demanding / an end to GMOs, a reduction in carbon emissions / and the use of fossil fuels? How does a poet write about beauty and also remain a realist about the current state of affairs?

 

BC: I love to let the poem have the last word; I don’t think I can say it any better than I did in the poem you just quoted.  

 

~~~

IT’S MAY,

 

and everything we’ve been waiting for opens.

The iris wave their flags, every shade of the rainbow,

and the peonies have unclenched their fists: pompoms

of snowdrift, cherry, carmine; almost too much

to bear.  Because the rest of the news is bleak: 

arctic ice melting, CO2 at an all-time high,

the Middle East’s a mess, and here, where we’ve

got it all, the Great Divide widens.  Somewhere,

there’s a nasty little virus about to go airborne. . . .

 

But it’s May in the garden, and we’re restored

to Eden.  The evening primroses unfold

their four-petaled skirts, ruffled flounces around

the edge of the bed, and the lupines’ spires

sway in the breeze.  An Oriental poppy is about

to stamp its orange exclamation mark.  And 

when they’re done, roses and lilies, then pink

coneflowers, black-eyed Susans, Russian sage.  

Why aren’t we on our knees? Why aren’t we

picketing with placards and day lilies, demanding 

an end to GMOs, a reduction in carbon emissions 

and the use of fossil fuels?  

 

So simple: subsidize sun and wind, not oil and corn.  

Is it impossible to plant change?  What are we here for, 

if not inflorescence?  Let’s praise everything, even chiggers,

ticks, and stinkbugs.  Let’s sink our feet in the grass, 

and bend in the wind.

"It's May" is from Barbara’s most recent book, Some Glad Morning, and re-printed by her permission.

Some Glad Morning, by Barbara Crooker, University of Pittsburgh Press, 2019,ISBN 978-0-82296-592-3, $17.00

 

൪uartet wishes to thank Barbara for her time and generosity in granting this interview, conducted via email by ൪uartet editor Gail Braune Comorat.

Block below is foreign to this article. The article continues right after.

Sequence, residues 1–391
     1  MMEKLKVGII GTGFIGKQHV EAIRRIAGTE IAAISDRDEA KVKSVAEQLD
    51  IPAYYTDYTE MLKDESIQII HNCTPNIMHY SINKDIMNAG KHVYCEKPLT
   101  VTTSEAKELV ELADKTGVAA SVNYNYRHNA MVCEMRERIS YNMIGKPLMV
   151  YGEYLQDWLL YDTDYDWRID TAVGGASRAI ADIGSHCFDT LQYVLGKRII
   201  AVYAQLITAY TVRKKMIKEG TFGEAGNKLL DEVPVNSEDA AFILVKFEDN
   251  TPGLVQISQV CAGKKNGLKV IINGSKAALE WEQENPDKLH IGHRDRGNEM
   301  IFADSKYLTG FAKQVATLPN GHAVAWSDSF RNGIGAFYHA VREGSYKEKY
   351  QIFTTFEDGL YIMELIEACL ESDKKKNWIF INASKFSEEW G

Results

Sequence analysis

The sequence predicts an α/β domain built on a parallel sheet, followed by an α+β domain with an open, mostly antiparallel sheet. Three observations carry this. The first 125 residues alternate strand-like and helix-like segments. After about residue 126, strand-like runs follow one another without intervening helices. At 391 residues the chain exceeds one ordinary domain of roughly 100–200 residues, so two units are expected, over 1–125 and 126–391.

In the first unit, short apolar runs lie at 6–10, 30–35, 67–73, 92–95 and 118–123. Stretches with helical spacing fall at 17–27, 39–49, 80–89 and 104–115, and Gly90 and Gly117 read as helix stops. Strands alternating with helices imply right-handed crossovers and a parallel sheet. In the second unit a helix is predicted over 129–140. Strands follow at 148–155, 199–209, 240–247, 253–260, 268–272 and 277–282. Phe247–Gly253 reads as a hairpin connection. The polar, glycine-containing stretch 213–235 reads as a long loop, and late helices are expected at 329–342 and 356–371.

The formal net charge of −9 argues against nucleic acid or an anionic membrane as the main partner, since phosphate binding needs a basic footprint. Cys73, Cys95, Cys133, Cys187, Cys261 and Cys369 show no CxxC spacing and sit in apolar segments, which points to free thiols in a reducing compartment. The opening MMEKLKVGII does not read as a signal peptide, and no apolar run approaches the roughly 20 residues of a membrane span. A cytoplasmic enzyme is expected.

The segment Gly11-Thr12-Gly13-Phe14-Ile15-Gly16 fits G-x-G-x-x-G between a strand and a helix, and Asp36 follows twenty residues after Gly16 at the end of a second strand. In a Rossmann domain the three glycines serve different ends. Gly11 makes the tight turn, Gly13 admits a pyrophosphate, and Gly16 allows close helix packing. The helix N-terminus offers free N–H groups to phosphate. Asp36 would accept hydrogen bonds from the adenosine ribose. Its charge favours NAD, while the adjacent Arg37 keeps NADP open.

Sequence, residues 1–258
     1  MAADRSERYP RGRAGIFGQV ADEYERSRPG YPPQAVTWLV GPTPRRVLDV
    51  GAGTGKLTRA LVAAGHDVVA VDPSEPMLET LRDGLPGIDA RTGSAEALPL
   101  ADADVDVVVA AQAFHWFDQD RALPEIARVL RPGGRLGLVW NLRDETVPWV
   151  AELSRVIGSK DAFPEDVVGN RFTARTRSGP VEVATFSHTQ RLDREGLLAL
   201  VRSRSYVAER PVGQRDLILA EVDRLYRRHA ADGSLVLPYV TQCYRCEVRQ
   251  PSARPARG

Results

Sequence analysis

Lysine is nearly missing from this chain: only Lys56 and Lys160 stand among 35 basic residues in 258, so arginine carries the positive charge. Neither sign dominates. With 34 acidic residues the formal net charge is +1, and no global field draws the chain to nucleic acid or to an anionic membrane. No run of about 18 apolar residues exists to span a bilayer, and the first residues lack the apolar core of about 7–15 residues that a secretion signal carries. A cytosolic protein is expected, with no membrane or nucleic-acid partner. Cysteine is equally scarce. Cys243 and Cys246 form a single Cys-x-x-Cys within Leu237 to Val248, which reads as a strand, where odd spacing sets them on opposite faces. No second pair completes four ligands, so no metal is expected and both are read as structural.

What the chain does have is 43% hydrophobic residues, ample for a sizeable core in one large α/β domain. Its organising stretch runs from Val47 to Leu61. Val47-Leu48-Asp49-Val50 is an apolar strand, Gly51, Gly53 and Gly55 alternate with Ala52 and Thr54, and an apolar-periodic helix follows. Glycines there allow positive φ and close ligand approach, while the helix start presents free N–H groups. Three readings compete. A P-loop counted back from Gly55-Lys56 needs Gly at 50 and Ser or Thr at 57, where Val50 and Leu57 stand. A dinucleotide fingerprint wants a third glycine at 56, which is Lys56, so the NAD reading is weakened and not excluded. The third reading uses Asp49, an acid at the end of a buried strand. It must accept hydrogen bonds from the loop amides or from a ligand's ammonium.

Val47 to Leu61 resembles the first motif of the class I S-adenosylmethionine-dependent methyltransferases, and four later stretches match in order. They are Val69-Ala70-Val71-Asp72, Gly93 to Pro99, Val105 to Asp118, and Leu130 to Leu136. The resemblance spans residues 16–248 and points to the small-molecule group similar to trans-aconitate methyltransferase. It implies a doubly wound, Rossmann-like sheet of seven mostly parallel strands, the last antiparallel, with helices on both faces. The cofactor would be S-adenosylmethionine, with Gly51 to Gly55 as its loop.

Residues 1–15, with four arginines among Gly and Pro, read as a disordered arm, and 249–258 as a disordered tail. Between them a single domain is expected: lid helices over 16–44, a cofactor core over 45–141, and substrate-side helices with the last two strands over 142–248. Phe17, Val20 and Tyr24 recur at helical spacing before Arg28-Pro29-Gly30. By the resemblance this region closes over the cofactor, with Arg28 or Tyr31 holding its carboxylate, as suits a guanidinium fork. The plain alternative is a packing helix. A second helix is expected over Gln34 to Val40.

Book Ends

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Negotiations

Destiny O. Birdsong

Tin House, 2020

ISBN 978-1-951142-13-1

$16.95

 

“Reading Negotiations is like grabbing a piece of metal so cold it feels like fire in your palm….a collection that is equal parts pain and power.”

--Josh Cook, Porter Square Books

 

“Birdsong debuts with an extraordinary string of immaculate, brutal narratives about systemic violence and racism, and their repercussions for Black American women.”

--Maya C. Popa, Publisher’s Weekly

~~~

Ariadne Awakens: Instructions for the Labyrinth

Laura Costas

Paycock Press, 2021

ISBN 978-0-931181-89-4

$16.45

 

“This is beautiful, glistening work that keeps resisting our predictions, as in “Answering Machine”: “What I called to tell you can’t be told.” While she (Laura Costas) refuses to relax into settled patterns she gives us luminous shards of possibility as in her “Dream of a song whose lyrics consist entirely of the word Yes.” In poem after poem I kept finding myself voicing a grateful “Yes.”

--Lee Upton, author of Visitations::Stories

~~~

Whereas

Layli Long Soldier

Graywolf Press, 2017

ISBN 978-1-55597-767-2

$16.00

 

“Writing in a variety of forms and with ferocious precision, Long Soldier uses the grit between the definitions of words in her language and in English….You do not slip into this book on silken bolts of easy beauty, but scratch yourself raw on language disassembled into glittering shards….Magnificent.”

—John Freeman, Los Angeles Times

~~~

The Fisher Queen: New & Selected Poems

Kathryn Kirkpatrick

Salmon Poetry, 2021

ISBN 978-1-91256-145-2

$18.95

 

“These poems explore the multiple exiles of living in a woman’s body; traversing boundaries of region, nation, and class; and confronting human violations of the natural world. Moving between the quotidian and the mythic, Kirkpatrick’s multi-voiced lyrics constitute a powerful quest.

 

A younger woman would not have fought these battles, endured, reflected, returned and reclaimed as Kirkpatrick has done. Her poems create a path and a lamp for those women poets who come after her.”

--Greta Gaard